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abraxas

[ uh-brak-suhs ]
/ əˈbræk səs /
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noun
a word of unknown significance found on charms, especially amulets, of the late Greco-Roman world and linked with both Gnostic beliefs and magical practices by the early church fathers.
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Origin of abraxas

First recorded in 1710–20; from Greek word abráxas, abrásax, abrasáx, of obscure origin; the combined numerical value of the Greek letters is 365, an important figure in Gnosticism and numerology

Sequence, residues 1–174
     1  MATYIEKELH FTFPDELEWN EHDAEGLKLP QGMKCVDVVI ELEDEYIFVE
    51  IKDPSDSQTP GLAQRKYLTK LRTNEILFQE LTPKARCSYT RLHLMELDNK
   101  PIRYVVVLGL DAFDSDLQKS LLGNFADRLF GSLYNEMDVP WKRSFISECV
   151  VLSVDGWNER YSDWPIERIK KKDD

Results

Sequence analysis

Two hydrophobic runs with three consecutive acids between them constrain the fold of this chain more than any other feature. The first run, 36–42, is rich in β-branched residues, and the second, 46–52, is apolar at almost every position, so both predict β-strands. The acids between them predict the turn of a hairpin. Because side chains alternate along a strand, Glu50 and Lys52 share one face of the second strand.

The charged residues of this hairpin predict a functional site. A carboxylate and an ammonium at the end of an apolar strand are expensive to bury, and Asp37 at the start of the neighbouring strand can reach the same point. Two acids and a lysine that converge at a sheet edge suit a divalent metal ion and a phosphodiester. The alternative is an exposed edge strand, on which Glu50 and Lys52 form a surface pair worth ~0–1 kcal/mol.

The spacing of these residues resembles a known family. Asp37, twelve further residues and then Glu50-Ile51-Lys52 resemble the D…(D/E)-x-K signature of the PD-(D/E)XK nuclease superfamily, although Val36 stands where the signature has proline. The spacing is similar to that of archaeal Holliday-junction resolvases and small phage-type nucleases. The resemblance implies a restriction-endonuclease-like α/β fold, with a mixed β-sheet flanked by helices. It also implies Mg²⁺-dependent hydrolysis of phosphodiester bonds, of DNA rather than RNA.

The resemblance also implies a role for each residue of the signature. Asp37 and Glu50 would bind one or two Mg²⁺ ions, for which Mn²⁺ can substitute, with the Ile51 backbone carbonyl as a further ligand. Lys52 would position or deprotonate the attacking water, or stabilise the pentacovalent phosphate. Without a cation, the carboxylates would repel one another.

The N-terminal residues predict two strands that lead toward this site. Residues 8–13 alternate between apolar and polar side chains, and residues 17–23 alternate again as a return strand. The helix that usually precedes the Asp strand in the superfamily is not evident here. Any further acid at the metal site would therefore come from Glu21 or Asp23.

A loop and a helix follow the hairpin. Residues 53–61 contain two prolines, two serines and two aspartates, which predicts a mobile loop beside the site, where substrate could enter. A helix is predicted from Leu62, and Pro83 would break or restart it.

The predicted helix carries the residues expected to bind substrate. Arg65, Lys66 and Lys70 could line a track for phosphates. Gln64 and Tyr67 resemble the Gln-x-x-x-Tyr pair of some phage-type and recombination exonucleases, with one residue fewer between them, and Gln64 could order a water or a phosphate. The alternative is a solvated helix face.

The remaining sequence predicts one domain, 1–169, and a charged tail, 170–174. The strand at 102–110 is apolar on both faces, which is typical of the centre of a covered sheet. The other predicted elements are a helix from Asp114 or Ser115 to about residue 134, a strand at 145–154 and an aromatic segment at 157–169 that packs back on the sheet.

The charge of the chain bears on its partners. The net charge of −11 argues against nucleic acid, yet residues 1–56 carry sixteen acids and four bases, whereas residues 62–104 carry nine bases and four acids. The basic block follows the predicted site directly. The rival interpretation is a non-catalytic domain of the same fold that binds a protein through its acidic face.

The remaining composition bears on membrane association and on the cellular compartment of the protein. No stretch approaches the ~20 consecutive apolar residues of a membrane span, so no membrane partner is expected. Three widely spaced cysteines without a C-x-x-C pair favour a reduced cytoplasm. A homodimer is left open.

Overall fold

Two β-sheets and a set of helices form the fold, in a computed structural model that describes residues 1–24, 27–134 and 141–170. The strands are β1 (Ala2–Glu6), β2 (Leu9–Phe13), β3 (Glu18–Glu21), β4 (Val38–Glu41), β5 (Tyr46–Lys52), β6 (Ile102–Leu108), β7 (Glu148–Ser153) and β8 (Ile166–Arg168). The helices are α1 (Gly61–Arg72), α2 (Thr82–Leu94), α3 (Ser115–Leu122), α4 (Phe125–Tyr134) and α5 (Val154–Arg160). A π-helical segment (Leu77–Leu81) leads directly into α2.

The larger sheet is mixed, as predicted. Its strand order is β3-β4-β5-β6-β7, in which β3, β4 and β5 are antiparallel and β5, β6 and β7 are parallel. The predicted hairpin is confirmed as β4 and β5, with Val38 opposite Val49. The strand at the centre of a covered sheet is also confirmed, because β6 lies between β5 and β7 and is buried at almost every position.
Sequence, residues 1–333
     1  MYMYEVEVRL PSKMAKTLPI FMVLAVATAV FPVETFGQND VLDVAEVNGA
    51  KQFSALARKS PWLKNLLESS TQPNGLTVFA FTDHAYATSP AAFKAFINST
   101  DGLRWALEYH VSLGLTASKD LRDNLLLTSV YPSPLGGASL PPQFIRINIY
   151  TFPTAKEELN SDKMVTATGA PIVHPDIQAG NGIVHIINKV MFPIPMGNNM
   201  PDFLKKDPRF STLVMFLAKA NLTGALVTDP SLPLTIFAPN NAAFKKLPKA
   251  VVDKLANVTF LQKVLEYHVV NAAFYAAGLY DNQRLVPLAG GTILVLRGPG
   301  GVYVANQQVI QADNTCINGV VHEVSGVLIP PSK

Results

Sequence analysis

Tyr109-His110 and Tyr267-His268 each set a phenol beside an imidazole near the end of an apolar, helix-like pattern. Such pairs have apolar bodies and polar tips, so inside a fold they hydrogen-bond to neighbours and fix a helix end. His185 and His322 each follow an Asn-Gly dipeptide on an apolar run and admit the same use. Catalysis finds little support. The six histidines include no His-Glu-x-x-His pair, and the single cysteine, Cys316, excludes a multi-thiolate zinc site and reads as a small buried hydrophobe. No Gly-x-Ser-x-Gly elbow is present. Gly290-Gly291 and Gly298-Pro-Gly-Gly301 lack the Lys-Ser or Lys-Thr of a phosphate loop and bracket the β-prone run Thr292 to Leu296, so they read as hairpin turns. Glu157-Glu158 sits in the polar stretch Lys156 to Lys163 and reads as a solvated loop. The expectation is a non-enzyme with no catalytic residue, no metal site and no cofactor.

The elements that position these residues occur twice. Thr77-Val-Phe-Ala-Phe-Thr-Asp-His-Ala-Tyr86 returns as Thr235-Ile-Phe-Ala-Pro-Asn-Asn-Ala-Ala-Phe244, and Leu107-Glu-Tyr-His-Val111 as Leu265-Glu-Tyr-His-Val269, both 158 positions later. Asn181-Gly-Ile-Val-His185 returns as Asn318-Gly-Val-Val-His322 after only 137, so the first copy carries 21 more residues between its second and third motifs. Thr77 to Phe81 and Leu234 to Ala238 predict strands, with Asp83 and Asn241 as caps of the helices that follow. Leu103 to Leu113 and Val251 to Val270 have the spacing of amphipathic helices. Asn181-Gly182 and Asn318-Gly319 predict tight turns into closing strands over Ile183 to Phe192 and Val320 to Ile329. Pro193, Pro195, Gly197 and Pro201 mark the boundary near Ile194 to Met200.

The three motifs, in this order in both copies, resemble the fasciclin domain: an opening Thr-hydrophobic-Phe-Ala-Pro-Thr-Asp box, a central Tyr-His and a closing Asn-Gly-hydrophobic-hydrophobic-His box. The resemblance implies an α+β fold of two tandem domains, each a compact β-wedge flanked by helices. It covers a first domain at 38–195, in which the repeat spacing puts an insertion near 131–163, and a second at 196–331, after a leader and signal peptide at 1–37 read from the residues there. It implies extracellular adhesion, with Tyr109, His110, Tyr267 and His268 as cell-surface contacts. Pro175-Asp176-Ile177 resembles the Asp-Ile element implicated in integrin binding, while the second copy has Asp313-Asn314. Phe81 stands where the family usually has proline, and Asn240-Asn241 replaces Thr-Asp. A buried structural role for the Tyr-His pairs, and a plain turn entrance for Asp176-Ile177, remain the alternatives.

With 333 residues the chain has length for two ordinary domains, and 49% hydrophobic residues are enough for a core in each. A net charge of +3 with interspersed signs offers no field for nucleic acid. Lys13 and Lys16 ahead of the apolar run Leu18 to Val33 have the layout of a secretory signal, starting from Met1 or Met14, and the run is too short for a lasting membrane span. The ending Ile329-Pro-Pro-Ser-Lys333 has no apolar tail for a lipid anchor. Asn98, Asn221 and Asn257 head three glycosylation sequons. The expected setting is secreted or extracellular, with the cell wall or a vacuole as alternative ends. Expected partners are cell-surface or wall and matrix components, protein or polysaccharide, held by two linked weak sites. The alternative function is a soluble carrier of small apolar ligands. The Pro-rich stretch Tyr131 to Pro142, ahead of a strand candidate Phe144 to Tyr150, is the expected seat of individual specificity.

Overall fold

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How to use abraxas in a sentence

British Dictionary definitions for abraxas

abraxas

abrasax (əˈbræsəks)

/ (əˈbræksəs) /

noun
an ancient charm composed of Greek letters: originally believed to have magical powers and inscribed on amulets, etc, but from the second century ad personified by Gnostics as a deity, the source of divine emanations

Word Origin for abraxas

from Greek: invented word
Collins English Dictionary - Complete & Unabridged 2012 Digital Edition © William Collins Sons & Co. Ltd. 1979, 1986 © HarperCollins Publishers 1998, 2000, 2003, 2005, 2006, 2007, 2009, 2012
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